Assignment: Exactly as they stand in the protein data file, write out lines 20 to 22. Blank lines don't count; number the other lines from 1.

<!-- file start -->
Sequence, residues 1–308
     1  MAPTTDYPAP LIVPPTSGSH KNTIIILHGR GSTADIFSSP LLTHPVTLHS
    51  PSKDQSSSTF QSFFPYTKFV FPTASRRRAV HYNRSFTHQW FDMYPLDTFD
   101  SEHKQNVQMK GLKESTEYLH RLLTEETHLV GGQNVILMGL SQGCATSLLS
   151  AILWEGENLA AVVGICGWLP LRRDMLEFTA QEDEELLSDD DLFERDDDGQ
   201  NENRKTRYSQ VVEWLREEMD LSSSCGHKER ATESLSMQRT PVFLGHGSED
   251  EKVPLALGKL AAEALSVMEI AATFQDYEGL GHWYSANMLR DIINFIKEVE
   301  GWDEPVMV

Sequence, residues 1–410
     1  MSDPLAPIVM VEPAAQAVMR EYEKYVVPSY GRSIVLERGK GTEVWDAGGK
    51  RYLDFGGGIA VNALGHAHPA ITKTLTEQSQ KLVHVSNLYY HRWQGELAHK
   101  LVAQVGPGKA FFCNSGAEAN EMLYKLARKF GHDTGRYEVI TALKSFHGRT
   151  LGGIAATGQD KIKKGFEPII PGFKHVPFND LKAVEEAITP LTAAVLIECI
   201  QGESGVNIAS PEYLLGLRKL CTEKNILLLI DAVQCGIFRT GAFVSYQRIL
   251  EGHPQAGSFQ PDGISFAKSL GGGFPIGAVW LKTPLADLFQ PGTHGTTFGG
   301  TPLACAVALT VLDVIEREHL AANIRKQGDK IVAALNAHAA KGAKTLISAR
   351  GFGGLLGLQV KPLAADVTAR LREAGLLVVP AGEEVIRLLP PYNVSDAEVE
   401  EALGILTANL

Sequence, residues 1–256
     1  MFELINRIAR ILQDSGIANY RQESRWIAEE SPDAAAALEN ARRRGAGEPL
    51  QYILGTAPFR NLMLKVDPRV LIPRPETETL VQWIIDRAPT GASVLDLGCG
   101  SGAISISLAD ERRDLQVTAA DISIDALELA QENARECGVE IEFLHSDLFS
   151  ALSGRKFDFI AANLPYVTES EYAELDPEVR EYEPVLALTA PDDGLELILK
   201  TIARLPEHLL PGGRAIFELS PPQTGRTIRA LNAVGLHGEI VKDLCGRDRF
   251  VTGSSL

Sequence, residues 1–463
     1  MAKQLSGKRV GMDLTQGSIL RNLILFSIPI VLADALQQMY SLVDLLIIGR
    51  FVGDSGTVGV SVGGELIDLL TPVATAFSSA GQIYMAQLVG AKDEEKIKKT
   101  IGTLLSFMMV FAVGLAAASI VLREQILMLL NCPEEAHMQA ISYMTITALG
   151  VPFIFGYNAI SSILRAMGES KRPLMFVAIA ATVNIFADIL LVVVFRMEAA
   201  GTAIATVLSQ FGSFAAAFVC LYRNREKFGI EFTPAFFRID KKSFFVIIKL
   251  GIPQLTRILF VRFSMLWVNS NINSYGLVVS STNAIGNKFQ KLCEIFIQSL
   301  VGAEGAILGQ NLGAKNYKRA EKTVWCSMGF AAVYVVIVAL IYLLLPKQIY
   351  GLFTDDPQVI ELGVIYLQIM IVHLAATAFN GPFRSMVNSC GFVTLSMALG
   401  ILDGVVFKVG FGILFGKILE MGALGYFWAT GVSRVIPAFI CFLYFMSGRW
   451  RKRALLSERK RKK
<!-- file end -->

     1  MFELINRIAR ILQDSGIANY RQESRWIAEE SPDAAAALEN ARRRGAGEPL
    51  QYILGTAPFR NLMLKVDPRV LIPRPETETL VQWIIDRAPT GASVLDLGCG
   101  SGAISISLAD ERRDLQVTAA DISIDALELA QENARECGVE IEFLHSDLFS